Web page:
There is a common denominator between the refusal of the religious leadership in the galut to put their future in the hands of HaShem by coming on aliya, and the refusal of the chareidi leadership here to accept responsibility for the major decisions of the nation.

Both groups of leaders have failed to “Cross the Rubicon” and recognize that the Medina is the handiwork of Hashem. They all agree that a leaf does not fall without heavenly agreement, but close to six million Jews in Eretz Yisrael can just happen without Hashem noticing. Indeed!

Part C: Dear Reader,

In order to understand the mind set of many of our leaders, combine Parts A and B above. The indentured servant is so used to having his life directed by others, that he is afraid to become a free man and – together with emunah (trust and belief in HaShem) – take control of his own destiny.

The great escape valve for you is the Mashiach. He will bring us back. He will kill our enemies. He will fix the economy. But in the meantime, stay put and let others direct your lives so you can go on with the pleasure of complaining how bad the situation is.

The clock of destiny is ticking. The world is daily becoming a more uncomfortable place to be in.

If HaShem is in your heart and you are in the galut, come home now. If you are in Eretz Yisrael, work towards the goal of realizing a Torah-orientated government leading the country in the path of HaShem.

Part D:

Regarding my suggestion in last week’s message that rabbinic semicha be awarded only in Eretz Yisrael, I received mixed responses. Some were in total agreement, while others apparently misunderstood the point I was making and were very critical. To them let me say: I did not mean to disparage the Torah erudition of any legitimate rabbi in chutz la’aretz.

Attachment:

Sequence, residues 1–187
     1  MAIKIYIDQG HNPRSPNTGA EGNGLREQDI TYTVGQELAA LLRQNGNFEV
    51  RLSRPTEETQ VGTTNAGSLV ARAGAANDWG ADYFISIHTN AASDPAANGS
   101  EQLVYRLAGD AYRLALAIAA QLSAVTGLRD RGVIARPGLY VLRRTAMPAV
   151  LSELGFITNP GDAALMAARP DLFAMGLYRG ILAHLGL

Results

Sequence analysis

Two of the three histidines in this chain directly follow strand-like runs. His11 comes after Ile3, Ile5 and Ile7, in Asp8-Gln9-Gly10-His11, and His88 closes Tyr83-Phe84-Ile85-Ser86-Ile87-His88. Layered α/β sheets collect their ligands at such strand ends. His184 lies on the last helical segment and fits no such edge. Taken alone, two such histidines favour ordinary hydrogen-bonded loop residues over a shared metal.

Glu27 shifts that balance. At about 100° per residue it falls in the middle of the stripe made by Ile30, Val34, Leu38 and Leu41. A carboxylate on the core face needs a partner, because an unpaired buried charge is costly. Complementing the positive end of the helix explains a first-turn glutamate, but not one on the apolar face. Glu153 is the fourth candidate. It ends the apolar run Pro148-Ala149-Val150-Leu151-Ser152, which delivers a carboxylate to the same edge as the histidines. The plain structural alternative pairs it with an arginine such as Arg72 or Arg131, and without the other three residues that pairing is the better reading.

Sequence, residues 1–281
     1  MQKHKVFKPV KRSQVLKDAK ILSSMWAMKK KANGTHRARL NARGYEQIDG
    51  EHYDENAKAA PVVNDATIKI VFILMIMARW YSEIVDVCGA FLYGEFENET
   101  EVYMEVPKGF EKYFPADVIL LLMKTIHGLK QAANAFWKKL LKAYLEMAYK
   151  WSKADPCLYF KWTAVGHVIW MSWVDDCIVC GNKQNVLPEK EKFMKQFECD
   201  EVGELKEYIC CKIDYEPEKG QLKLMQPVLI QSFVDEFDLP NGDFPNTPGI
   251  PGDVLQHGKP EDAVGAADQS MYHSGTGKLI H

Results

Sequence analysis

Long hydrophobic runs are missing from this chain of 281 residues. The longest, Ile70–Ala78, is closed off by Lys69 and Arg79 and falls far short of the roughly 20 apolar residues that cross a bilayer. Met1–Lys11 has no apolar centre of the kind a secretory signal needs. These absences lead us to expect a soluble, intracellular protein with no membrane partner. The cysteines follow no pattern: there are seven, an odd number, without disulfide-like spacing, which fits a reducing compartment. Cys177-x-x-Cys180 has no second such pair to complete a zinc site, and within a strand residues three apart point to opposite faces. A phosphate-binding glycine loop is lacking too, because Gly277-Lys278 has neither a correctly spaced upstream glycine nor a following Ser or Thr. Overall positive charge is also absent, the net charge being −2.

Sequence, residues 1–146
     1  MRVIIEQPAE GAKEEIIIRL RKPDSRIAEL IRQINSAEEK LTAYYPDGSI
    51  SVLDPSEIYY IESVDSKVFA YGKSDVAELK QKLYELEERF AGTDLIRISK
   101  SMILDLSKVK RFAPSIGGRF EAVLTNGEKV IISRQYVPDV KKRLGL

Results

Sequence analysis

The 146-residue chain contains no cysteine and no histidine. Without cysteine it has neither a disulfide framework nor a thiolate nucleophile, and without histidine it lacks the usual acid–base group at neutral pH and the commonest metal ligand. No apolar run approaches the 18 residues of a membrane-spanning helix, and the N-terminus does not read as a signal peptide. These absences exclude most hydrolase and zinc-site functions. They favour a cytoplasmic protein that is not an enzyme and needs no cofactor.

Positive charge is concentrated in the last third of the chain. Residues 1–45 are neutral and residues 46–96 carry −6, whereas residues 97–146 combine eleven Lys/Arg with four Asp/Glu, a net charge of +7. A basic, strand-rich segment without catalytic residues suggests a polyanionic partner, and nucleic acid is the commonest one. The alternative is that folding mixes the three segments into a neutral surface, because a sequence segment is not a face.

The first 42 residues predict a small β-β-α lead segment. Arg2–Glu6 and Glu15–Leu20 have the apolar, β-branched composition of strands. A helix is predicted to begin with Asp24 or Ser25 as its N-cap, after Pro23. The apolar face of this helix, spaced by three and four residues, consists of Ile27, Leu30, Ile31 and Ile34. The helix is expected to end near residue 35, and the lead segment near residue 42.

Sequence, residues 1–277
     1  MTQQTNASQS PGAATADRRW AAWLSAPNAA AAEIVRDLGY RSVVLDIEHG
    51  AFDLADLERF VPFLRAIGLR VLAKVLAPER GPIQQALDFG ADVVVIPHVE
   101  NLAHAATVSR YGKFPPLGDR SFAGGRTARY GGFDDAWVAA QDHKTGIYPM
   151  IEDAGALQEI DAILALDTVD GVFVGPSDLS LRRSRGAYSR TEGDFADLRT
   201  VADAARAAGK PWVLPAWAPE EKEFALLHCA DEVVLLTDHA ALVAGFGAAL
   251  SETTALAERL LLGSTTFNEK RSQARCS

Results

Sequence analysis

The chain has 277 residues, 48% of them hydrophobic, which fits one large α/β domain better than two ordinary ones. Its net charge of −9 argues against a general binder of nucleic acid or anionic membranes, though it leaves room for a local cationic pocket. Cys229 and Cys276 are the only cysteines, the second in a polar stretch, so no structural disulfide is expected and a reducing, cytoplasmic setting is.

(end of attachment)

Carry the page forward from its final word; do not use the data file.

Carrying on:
But, rather, to emphasize the primacy and centrality of Eretz Yisrael in all matters pertaining to the Torah, most certainly in the specific area of “licensing” the people who will make halachic decisions.

Now in order to placate rabbis and laymen who were offended by my words, permit me to put forward a suggestion which gives honor to your local rabbi, creates a strong bond between the rabbi and the community, and also gives homage to Eretz Yisrael.

Let every community request that the rabbi give a weekly class in the halachot pertaining to the holy land of Eretz Yisrael.

The syllabus would cover the laws of:

1- Trumot and ma’aserot. When, how and by who are they set apart, and who receives them. Produce grown in fields belonging to non-Jews.

2- The Shmitta (Sabbatical) year. The geographical area where the Shmitta is in effect. The selling of the land (heter me’chira) in contrast to purchasing “non-Jewish” produce. The export of Shmitta produce. Bi’ur Shmitta and otzer bet-din. The prohibition of sefichim as apart from fruit. Private gardens and house plants. Hydroponics.

3- The laws pertaining to ascending the Temple Mount and various degrees of sanctity on the Mount.

4- Why only one day Yom Tov here as apart to a second day in chutz la’aretz?

5- Halachot pertaining to the military.

And much more.

Shabbat Shalom,

Nachman Kahana
Copyright © 5772/2012 Nachman Kahana